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Most texts on the C++ standard library mention wstring as being the equivalent of string, except parameterized on wchar_t instead of char, and then proceed to demonstrate string only.

Well, sometimes, there are some specific quirks, and here is one: I can't seem to assign a wstring from an NULL-terminated array of 16-bit characters. The problem is the assignment happily uses the null character and whatever garbage follows as actual characters. Here is a very small reduction:

typedef unsigned short PA_Unichar;
PA_Unichar arr[256];
fill(arr); // sets to 52 00 4b 00 44 00 61 00 74 00 61 00 00 00 7a 00 7a 00 7a 00
// now arr contains "RKData\0zzz" in its 10 first values
wstring ws;
ws.assign((const wchar_t *)arr);
int l = ws.length();

At this point l is not the expected 6 (numbers of chars in "RKData"), but much larger. In my test run, it is 29. Why 29? No idea. A memory dump doesn't show any specific value for the 29th character.

So the question: is this a bug in my standard C++ library (Mac OS X Snow Leopard), or a bug in my code? How am I supposed to assign a null-terminated array of 16-bit chars to a wstring?

Thanks

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endianness issues? –  obelix Aug 27 '09 at 11:54
    
Just a shot in the dark, try a double null terminator –  Skurmedel Aug 27 '09 at 11:56
    
@obelix, a null character is the same both big- and little-endian. –  Nick Meyer Aug 27 '09 at 11:57
    
@Nick - yep. i saw binary and thought it might be endianness –  obelix Aug 27 '09 at 11:59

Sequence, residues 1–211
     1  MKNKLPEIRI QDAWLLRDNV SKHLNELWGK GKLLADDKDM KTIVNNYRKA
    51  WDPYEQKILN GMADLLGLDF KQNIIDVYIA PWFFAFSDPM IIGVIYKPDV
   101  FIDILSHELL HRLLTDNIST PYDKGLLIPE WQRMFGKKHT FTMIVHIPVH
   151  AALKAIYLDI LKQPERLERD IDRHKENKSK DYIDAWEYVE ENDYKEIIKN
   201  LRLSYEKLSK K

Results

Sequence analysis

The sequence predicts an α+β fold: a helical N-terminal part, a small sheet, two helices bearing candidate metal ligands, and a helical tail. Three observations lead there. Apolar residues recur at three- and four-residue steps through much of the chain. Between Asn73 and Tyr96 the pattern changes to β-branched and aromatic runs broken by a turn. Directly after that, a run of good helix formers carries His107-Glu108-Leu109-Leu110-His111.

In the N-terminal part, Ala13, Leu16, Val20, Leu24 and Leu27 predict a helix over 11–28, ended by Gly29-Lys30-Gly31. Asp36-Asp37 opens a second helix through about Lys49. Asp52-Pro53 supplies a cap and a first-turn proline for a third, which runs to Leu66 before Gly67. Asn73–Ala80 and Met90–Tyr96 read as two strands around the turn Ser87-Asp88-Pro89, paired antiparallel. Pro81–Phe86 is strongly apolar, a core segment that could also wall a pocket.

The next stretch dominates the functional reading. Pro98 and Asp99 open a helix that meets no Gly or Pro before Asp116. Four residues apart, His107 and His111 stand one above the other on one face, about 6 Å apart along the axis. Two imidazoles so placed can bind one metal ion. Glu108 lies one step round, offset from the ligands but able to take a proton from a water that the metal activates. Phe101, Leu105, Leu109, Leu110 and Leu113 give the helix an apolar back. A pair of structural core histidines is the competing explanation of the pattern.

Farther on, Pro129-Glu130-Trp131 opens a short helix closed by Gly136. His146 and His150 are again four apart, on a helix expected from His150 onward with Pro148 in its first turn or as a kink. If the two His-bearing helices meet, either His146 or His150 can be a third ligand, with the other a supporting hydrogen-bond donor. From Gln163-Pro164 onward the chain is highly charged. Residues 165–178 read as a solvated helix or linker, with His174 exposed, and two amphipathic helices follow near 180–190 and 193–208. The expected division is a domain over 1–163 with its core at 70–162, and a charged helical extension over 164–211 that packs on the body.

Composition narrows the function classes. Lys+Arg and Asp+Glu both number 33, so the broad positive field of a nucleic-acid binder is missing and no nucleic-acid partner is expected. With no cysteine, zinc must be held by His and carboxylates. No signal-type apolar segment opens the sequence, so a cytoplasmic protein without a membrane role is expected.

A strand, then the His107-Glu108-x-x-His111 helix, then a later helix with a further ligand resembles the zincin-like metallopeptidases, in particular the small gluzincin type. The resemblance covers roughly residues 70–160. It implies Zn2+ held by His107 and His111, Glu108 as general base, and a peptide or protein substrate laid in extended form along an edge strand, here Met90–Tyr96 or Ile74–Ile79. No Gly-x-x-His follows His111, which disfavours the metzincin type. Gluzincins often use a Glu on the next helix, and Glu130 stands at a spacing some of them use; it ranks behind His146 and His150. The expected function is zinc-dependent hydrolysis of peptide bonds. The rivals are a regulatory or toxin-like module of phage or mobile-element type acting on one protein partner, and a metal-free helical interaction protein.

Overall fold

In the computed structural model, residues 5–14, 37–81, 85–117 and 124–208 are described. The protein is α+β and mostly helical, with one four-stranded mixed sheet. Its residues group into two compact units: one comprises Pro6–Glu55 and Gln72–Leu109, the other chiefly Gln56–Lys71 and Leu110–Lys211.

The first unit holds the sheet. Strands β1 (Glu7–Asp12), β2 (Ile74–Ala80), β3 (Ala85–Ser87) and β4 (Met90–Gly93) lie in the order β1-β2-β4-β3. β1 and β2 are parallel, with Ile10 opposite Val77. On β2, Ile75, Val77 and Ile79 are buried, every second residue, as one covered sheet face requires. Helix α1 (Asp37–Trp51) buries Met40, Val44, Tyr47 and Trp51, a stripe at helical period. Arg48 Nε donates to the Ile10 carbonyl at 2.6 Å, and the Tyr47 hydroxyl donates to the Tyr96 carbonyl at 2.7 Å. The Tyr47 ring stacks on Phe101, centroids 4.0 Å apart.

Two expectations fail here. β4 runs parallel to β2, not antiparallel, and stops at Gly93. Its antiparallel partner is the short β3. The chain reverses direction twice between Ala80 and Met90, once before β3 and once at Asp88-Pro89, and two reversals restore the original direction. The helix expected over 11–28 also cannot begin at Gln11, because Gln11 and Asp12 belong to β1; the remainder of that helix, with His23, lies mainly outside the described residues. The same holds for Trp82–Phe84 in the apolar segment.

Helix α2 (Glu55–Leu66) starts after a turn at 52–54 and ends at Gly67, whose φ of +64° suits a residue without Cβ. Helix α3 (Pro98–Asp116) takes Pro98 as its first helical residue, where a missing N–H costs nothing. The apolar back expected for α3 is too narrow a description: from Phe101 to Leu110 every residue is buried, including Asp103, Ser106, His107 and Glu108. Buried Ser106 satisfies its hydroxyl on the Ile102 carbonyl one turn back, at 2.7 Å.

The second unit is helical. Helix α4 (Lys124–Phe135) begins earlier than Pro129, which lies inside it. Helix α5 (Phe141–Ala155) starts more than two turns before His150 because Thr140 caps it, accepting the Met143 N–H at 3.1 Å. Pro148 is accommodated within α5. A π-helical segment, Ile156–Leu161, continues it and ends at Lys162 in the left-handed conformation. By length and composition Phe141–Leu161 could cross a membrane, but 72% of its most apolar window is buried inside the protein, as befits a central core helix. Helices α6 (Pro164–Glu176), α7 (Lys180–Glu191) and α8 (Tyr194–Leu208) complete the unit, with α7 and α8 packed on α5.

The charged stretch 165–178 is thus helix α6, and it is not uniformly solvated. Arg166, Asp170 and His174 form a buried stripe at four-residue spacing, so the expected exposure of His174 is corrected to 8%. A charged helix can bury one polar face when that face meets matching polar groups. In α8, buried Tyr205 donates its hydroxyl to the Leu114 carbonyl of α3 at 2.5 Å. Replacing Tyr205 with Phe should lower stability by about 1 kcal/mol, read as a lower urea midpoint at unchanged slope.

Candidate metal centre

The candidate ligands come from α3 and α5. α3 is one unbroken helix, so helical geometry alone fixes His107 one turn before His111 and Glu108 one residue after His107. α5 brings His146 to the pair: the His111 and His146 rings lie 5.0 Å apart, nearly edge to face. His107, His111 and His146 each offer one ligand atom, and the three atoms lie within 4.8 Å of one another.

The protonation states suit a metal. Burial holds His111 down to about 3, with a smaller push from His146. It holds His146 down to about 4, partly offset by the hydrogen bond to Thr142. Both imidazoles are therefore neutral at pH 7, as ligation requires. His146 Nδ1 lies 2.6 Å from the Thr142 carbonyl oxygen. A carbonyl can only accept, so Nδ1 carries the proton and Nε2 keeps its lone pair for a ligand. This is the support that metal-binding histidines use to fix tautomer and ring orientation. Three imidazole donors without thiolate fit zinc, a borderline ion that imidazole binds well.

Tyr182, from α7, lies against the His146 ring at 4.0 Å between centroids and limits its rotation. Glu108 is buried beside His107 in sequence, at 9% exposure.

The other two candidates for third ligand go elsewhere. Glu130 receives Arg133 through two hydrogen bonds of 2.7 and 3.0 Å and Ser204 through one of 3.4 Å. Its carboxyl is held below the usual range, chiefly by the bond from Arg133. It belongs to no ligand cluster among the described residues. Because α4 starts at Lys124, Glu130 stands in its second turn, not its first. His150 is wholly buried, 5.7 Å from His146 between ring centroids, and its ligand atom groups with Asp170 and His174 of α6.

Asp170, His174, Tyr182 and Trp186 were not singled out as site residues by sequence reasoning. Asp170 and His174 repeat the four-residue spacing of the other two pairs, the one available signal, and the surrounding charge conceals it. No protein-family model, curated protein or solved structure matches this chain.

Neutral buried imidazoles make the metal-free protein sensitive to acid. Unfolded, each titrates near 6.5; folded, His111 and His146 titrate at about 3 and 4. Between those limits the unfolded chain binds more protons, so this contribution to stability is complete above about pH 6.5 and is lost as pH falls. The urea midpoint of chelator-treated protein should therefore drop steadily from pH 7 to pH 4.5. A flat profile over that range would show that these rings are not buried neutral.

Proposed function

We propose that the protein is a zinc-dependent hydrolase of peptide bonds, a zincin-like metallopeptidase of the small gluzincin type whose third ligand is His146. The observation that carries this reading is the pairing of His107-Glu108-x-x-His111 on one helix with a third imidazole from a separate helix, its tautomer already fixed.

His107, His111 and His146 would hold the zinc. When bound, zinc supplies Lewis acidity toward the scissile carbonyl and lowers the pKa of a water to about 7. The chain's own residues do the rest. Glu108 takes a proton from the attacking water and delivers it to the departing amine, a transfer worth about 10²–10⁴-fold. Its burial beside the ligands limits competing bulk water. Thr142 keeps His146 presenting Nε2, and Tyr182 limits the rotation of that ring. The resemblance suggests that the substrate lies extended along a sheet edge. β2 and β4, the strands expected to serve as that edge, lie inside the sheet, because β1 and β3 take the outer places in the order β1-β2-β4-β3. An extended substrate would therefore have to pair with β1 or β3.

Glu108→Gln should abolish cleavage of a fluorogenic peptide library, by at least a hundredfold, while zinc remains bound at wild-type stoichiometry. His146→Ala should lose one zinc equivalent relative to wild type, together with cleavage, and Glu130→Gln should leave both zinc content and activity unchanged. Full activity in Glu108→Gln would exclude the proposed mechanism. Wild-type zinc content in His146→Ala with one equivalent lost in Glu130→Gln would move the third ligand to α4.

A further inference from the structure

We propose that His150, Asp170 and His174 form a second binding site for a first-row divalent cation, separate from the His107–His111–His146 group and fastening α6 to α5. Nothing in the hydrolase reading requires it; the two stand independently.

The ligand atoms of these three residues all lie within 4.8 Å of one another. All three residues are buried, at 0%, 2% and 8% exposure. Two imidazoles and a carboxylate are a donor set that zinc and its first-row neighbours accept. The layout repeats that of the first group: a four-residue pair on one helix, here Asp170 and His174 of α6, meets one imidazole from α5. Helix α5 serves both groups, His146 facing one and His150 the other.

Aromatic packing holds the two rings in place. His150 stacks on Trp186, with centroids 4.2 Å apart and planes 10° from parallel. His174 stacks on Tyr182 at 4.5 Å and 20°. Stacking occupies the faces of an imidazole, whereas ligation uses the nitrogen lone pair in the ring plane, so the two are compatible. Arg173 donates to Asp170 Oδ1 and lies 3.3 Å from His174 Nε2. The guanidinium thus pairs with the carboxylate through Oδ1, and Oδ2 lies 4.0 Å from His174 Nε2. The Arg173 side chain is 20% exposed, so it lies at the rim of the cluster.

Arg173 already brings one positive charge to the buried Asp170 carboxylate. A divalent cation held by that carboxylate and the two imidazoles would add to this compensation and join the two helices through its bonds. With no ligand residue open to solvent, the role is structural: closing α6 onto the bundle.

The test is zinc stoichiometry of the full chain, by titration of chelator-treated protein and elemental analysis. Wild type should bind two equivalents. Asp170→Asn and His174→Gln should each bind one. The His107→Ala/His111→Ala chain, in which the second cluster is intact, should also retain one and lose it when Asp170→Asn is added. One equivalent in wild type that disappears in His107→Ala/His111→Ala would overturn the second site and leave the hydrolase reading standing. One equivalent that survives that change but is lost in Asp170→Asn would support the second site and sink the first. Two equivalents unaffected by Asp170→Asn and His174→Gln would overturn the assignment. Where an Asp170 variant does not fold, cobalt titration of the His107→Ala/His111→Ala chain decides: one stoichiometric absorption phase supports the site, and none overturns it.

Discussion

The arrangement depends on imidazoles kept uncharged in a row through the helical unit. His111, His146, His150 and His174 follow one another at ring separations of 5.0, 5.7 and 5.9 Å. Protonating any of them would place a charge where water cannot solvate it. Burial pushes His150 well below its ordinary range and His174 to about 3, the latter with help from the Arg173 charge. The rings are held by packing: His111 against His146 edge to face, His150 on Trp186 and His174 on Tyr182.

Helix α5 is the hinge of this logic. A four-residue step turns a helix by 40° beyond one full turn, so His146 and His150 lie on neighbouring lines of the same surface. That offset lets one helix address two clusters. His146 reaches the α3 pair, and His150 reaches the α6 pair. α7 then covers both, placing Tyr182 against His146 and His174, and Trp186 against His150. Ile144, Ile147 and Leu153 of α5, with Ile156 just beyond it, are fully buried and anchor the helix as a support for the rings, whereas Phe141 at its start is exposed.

3 Answers 3

up vote 9 down vote accepted

Under most Unixes (Mac OS X as well), whar_t represents UTF-32 single code point, and not 16bit utf-16 point like at windows.

So you need to:

  1. Either:

    ws.assing(arr,arr + length_of_string);
    

    That would use arr as iterator and copy each short int to wchar_t. But this would work only if your characters lay in BMP or representing UCS-2 (16bit legacy encoding).

  2. Or, correctly work with utf-16: converting utf-16 to utf-32 -- you need to find surrogate pairs and merge them to single code point.

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Just do it. You didn't in your code, you assigned an array of unsigned shorts to a wstring and you used a cast to shut the compiler up. wchar_t != unsigned short. You certainly can't assume they have the same size.

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I'd think your code would work, just by inspection. But you could always work around the trouble:

ws.assign(static_cast<const wchar_t*>(arr), wcslen(arr));
share|improve this answer
    
If ws.assign can't find the proper terminating point of the string by picking out the null character, why would wcslen? I think Artyom hit the nail on the head -- wchar_t != unsigned short. –  Nick Meyer Aug 27 '09 at 12:07

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